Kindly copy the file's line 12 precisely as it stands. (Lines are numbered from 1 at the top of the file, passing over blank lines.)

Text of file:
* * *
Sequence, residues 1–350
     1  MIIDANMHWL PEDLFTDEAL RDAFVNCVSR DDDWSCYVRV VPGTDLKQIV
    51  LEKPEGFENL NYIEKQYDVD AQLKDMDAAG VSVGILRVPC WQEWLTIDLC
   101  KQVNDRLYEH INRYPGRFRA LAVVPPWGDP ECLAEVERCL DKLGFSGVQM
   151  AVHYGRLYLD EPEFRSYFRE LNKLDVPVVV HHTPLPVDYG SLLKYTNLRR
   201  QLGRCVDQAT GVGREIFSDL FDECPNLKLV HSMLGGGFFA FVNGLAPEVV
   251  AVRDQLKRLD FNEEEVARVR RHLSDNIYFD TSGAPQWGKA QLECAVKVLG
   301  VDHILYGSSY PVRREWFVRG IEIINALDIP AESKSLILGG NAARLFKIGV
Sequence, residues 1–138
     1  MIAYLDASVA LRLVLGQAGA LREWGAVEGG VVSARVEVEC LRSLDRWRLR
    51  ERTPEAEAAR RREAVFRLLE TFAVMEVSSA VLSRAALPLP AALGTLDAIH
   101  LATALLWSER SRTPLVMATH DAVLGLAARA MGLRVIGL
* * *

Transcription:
   101  LATALLWSER SRTPLVMATH DAVLGLAARA MGLRVIGL